Of course this won't all happen today, but it's still the most immediate stuff to do. And we still have the personal trainer in the afternoon, which means I need to soak in the tub before that.... but after I go wash eggs.


May. 29th, 2012 11:42 am
helwen: (Default)
- brought another ginger downstairs, planted 2 gingers
- planted 6 Chinese cabbage and 6 Swiss chard
- re-potted 3 Dill in large pots
- re-potted zucchini and sugar pumpkins in small pots (buying time)
- more weeding and watering
- re-potted something in the herbs but I forget what

Tuesday morning:
- worked on getting another row ready for Vt Cranberry beans


May. 27th, 2012 08:10 pm
helwen: (Default)
Anyone know how easily mints hybridize? I know, I know, I should try to look it up... but if anyone happens to know, that would be super....

I have a whole bunch of plants from the Mint family, some of which I know _won't_ cross, but not sure about the others...Peppermint, Chocolate Mint, Catmint, and Lemon Balm.

The ones I don't worry about are the Lavendar, Rosemary, and Horehound.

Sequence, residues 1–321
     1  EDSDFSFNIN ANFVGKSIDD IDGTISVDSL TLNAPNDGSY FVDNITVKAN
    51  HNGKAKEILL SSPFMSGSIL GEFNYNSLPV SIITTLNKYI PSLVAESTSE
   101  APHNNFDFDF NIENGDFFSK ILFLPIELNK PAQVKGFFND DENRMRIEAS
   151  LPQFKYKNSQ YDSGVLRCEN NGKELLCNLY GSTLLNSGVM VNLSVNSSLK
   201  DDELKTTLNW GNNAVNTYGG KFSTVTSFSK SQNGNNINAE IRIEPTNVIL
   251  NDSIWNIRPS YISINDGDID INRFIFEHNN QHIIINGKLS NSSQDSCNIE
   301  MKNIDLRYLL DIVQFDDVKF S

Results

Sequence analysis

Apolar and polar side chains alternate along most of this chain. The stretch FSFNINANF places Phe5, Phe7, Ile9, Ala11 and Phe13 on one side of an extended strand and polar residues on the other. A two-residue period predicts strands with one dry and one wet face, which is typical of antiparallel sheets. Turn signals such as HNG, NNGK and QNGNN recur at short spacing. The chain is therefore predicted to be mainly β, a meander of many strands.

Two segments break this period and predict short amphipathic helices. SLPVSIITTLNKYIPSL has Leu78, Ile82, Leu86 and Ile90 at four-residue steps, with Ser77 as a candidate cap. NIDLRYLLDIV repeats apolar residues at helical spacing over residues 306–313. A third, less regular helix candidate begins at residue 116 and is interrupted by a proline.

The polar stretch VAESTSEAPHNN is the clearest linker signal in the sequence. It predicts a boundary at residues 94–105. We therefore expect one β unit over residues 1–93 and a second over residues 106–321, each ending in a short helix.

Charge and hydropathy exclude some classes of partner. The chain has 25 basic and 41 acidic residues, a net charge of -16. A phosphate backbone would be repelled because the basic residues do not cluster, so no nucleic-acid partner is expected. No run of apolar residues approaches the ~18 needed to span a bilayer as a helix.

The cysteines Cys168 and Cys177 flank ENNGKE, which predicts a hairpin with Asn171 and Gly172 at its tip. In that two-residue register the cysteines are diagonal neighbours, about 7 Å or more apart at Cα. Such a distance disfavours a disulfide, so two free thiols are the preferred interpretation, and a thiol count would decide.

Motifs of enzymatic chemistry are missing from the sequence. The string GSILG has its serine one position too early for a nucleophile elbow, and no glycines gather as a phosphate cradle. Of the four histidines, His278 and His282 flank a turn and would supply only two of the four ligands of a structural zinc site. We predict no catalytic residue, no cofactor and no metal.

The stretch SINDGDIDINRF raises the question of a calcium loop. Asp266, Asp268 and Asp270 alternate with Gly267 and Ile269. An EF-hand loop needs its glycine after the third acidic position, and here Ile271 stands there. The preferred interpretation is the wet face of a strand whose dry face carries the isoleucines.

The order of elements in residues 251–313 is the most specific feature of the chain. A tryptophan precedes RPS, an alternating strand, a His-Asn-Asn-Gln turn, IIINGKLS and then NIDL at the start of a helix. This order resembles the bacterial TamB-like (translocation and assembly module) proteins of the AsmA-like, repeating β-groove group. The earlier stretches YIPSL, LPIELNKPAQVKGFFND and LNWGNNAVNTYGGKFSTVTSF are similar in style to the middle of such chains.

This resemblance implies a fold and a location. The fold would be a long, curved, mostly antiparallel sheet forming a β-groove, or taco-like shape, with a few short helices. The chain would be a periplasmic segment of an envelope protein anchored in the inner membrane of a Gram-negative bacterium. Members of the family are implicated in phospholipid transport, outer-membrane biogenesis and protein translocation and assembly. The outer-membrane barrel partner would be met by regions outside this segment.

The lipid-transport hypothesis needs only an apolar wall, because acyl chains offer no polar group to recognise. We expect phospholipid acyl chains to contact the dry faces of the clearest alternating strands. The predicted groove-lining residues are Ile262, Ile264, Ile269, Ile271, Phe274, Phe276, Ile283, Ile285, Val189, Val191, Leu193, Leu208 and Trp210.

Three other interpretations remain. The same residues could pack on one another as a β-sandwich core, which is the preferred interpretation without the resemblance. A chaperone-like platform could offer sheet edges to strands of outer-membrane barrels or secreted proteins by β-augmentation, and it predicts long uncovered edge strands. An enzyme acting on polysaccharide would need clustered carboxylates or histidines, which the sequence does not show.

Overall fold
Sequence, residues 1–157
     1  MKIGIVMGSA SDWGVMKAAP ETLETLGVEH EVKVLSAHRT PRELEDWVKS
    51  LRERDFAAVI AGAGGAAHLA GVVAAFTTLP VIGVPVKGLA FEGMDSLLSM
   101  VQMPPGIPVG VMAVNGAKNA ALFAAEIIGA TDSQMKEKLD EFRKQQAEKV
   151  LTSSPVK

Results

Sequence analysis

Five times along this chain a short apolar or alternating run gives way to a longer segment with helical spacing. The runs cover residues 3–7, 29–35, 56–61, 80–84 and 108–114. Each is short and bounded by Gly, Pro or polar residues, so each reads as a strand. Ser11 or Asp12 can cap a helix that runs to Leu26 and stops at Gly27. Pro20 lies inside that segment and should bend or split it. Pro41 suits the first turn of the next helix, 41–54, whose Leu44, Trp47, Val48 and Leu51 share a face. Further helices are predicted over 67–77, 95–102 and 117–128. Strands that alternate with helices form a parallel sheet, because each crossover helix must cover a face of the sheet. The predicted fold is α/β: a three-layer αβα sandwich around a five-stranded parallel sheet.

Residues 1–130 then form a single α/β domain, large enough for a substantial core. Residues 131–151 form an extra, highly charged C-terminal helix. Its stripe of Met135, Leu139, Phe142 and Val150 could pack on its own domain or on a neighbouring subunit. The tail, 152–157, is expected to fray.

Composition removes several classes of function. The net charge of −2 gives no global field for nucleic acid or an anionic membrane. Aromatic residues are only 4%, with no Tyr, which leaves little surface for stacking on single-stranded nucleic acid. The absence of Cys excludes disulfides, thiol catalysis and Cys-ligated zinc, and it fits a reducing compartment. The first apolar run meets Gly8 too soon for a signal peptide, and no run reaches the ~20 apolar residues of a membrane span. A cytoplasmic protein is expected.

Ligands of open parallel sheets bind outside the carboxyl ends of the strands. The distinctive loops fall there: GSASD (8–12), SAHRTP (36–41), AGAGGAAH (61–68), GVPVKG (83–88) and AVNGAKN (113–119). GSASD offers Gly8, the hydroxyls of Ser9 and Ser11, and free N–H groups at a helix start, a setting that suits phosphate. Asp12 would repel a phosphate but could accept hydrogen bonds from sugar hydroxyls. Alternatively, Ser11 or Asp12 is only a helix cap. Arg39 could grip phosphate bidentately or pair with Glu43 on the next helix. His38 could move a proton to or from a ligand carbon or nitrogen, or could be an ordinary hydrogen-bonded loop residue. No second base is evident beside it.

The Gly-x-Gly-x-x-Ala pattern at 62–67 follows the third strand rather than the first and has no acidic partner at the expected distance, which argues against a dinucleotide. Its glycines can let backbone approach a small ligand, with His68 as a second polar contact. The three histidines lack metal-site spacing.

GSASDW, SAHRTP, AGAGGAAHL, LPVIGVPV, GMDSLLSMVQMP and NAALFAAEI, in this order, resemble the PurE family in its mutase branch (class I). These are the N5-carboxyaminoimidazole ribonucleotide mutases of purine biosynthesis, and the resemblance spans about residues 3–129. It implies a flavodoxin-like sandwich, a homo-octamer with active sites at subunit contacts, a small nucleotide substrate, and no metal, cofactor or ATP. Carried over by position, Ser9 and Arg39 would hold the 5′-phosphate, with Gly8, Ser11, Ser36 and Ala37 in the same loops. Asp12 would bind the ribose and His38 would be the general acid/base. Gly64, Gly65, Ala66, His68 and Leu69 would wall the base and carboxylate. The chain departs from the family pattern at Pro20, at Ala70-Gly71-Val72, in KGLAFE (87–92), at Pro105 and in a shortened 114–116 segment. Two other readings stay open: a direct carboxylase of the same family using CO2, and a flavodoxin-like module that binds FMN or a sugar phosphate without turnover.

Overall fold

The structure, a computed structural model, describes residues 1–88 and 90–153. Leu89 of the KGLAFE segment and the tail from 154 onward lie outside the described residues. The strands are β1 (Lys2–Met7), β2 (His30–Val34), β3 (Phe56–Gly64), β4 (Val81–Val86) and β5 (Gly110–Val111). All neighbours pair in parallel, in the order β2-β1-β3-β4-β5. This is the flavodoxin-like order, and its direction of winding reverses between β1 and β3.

May. 27th, 2012 08:06 pm
helwen: (Default)
I can't even begin to keep track of all L's been doing, but a few highlights are working on making parts of one of the south gardens and the lower garden bed usable (cutting, digging, tilling, weeding, etc.), mowing some of the lawn, replacing the laundry line, and more.

Because of all the rain last fall we didn't do all our usual winter prep, so the hay field made an aggressive move on the garden. Part of the results from that we're digging out and part of it Lyle's going to use for making a row of hot compost -- we're going to bake those grass roots!

Yesterday morning I mostly just did some weeding, watering, and rescuing germinated pea seeds that the rain had uncovered. Afternoon/evening saw bringing some of the Ginger plants down to the porch and re-potting some herbs into larger pots -- Angelica Arch., Lovage, Lemon Balm, and maybe something else.

This morning was weeding, watering, and planting: 6 Lacingto Kale, 6 Red Russian Kale, and 17 Storage Cabbages. I don't know the proper name for the cabbages, but basically they are winter keepers. Also potted up 7 Chamomile into 2 big pots.

Made a trip to the transfer station to drop off trash and recyclables and picked up some empty pots and planting trays (free!).